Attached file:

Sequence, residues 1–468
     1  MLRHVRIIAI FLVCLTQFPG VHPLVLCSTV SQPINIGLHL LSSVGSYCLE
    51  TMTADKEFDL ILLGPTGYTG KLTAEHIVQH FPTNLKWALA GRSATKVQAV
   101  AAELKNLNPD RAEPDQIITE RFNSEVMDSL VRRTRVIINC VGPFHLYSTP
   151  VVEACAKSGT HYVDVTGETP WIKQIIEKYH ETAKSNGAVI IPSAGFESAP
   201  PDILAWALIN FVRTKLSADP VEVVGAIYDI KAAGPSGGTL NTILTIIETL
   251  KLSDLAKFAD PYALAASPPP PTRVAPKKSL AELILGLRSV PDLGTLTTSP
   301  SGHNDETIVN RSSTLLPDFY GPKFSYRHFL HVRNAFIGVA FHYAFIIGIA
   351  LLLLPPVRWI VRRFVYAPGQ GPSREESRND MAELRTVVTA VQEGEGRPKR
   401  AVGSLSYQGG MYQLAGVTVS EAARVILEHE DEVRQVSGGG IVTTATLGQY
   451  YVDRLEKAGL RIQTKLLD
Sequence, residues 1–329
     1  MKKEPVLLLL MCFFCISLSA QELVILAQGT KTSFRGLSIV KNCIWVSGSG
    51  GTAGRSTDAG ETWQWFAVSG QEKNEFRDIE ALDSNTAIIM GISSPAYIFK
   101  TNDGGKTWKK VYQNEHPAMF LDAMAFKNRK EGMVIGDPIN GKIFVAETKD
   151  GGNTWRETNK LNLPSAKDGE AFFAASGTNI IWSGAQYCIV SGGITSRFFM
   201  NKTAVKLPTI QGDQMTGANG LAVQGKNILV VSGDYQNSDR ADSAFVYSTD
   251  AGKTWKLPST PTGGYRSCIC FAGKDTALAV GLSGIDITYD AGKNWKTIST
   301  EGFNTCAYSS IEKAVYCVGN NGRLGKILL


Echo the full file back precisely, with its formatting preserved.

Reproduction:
Sequence, residues 1–468
     1  MLRHVRIIAI FLVCLTQFPG VHPLVLCSTV SQPINIGLHL LSSVGSYCLE
    51  TMTADKEFDL ILLGPTGYTG KLTAEHIVQH FPTNLKWALA GRSATKVQAV
   101  AAELKNLNPD RAEPDQIITE RFNSEVMDSL VRRTRVIINC VGPFHLYSTP
   151  VVEACAKSGT HYVDVTGETP WIKQIIEKYH ETAKSNGAVI IPSAGFESAP
   201  PDILAWALIN FVRTKLSADP VEVVGAIYDI KAAGPSGGTL NTILTIIETL
   251  KLSDLAKFAD PYALAASPPP PTRVAPKKSL AELILGLRSV PDLGTLTTSP
   301  SGHNDETIVN RSSTLLPDFY GPKFSYRHFL HVRNAFIGVA FHYAFIIGIA
   351  LLLLPPVRWI VRRFVYAPGQ GPSREESRND MAELRTVVTA VQEGEGRPKR
   401  AVGSLSYQGG MYQLAGVTVS EAARVILEHE DEVRQVSGGG IVTTATLGQY
   451  YVDRLEKAGL RIQTKLLD
Sequence, residues 1–329
     1  MKKEPVLLLL MCFFCISLSA QELVILAQGT KTSFRGLSIV KNCIWVSGSG
    51  GTAGRSTDAG ETWQWFAVSG QEKNEFRDIE ALDSNTAIIM GISSPAYIFK
   101  TNDGGKTWKK VYQNEHPAMF LDAMAFKNRK EGMVIGDPIN GKIFVAETKD
   151  GGNTWRETNK LNLPSAKDGE AFFAASGTNI IWSGAQYCIV SGGITSRFFM
   201  NKTAVKLPTI QGDQMTGANG LAVQGKNILV VSGDYQNSDR ADSAFVYSTD
   251  AGKTWKLPST PTGGYRSCIC FAGKDTALAV GLSGIDITYD AGKNWKTIST
   301  EGFNTCAYSS IEKAVYCVGN NGRLGKILL